One word can summarise George Osborne’s first budget. Brutal. £11bn off welfare spending, from child benefits to Disability Living Allowance. VAT up to 20 per cent. And an average 25 per cent cut for most departmental budgets.
Hundreds of thousands of public sector workers face bleak prospects. And the millions who rely on them will fare little better.
Yet at the same time Osborne is reducing Corporation Tax, every year, for four years.
Be in no doubt about this: the battle lines have been drawn.
Osborne is throwing ordinary people to the wolves in the City. Lib Dem bleating about “fairness” is no disguise for this.
Nick Clegg stood by while £105m cuts were imposed on the city he is supposed to represent. Jobs in Sheffield will disappear because Clegg wants to play at being a Cabinet Minister.
He seems to fancy himself as a grand bourgeois statesman of some sort, able to make tough choices. Alas, it’s less like Churchill the Prime Minister, and more like Churchill from the insurance adverts. Nod nod, woof woof, all the way through Osborne’s slash-and-burn speech.
No “fairness” here
Sure, there’s a new Bank Levy. After pocketing our cash for the last year or more, the bonus junkies in the Square Mile are facing a - wait for it - 0.04 per cent tax on their liabilities.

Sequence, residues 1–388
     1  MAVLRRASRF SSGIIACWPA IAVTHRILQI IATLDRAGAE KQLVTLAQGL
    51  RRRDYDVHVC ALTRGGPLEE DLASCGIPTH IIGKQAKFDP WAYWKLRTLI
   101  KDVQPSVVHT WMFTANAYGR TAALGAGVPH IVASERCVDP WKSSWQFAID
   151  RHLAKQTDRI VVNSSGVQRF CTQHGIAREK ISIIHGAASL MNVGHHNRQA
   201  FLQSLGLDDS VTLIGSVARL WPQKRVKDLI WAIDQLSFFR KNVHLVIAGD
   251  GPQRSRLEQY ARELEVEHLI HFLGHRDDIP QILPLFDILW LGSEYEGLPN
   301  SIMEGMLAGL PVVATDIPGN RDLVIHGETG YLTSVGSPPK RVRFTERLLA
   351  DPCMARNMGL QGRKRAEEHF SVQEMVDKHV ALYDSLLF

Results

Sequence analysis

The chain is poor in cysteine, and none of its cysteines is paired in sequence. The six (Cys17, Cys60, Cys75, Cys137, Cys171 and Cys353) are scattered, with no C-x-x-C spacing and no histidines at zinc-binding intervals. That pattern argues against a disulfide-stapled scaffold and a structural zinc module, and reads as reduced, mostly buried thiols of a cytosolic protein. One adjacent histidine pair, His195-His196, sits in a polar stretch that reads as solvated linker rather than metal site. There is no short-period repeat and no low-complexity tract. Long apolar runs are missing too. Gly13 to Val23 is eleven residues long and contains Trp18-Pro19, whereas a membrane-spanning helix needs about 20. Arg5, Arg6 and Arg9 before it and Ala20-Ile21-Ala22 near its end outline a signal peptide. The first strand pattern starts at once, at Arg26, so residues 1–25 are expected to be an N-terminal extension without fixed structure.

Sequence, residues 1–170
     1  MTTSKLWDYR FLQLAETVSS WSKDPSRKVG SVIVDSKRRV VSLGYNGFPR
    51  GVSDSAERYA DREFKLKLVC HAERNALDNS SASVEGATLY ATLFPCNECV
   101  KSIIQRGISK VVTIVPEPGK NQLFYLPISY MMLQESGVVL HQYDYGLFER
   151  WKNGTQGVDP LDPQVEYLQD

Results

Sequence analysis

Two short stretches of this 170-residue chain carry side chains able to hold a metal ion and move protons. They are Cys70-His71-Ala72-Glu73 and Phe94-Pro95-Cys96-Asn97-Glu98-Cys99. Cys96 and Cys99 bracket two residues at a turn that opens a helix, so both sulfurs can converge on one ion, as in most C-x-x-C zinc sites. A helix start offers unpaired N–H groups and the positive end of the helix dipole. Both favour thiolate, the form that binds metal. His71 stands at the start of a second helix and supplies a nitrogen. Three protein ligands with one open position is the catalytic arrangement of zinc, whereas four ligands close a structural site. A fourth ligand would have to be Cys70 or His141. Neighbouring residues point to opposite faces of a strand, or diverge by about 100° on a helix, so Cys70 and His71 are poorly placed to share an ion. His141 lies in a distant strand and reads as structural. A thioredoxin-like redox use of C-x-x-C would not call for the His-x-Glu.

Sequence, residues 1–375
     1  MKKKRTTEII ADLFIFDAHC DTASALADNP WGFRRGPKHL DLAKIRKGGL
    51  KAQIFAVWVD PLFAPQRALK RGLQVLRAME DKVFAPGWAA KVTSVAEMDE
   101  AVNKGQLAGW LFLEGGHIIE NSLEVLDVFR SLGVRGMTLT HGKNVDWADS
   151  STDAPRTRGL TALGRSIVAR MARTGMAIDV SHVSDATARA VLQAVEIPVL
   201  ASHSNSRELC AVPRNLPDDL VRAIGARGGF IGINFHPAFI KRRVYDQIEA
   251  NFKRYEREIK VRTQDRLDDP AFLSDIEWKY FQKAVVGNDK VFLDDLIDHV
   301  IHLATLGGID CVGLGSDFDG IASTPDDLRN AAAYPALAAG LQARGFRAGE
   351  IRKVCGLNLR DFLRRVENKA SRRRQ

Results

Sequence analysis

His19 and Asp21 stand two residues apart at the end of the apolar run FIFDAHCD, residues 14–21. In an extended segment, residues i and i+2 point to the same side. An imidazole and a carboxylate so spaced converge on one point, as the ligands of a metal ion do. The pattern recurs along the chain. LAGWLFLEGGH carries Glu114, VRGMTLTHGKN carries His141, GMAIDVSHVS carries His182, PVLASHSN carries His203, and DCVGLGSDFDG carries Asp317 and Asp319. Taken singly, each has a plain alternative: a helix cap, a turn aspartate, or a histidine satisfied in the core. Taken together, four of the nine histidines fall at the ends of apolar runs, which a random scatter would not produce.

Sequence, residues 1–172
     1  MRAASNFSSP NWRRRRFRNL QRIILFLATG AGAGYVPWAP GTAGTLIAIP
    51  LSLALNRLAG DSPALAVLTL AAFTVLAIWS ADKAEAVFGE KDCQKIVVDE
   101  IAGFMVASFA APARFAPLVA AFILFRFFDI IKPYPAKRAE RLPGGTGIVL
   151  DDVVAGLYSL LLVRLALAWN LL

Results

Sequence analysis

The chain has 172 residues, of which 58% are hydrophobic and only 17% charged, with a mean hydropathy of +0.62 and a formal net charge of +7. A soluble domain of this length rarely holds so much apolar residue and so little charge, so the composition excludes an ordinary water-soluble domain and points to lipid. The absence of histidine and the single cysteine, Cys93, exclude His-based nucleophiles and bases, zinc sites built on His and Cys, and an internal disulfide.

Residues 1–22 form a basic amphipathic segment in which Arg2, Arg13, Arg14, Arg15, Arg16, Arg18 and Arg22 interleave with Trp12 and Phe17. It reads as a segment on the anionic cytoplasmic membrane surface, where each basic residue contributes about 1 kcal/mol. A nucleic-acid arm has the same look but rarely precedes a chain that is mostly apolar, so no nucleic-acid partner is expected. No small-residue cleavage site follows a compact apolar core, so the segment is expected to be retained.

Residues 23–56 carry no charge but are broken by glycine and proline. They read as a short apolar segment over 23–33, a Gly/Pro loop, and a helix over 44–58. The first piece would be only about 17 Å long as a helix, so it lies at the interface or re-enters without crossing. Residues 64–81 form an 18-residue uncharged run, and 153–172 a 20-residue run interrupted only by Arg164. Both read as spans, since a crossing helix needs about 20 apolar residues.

This will rise to the giddying, near-confiscatory heights of 0.07 per cent next year.
A 0.07 per cent tax. That’s all the punishment the bankers get, after gambling the world economy to near-destruction - and then snaffling £850bn to pay for the clean-up. No wonder shares in British banks leapt after the news. They simply can’t believe their luck.
And the threshold for income tax is being slightly raised. The Lib Dems claim this will help the low paid.
But its limited impact on their incomes will be zapped by the VAT increase. VAT rises are regressive: they hit the poorest, hardest.
The richest 10 per cent of society currently pay one pound in every 25 they earn as VAT. The poorest 10 per cent pay one pound in every seven.
The richer you are, the less VAT matters. The Lib Dems used to oppose raising it because of this. Then they got into government.
So much for their “progressive” credentials.
Let’s hope the voters remember the Lib Dem betrayals at the next election. But really they are sideshow - a joke in poor taste.
A budget for the rich
The real intent of this Budget is crystal clear.
The reduction in corporation tax tells you all you need to know about this government. They are rewarding the rich while they clobber the poor.
Cuts on an unprecedented scale, alongside tax breaks for corporations. All to pay for a crisis the bankers caused.
You’d have to be, well, George Osborne not to see the elementary injustice in that. This is a government of millionaires, for millionaires.
There is no economic case for these cuts. Since the 1930s, the most dyed-in-the-wool free-market economists have recognised that cutting government spending during a recession is deeply unwise.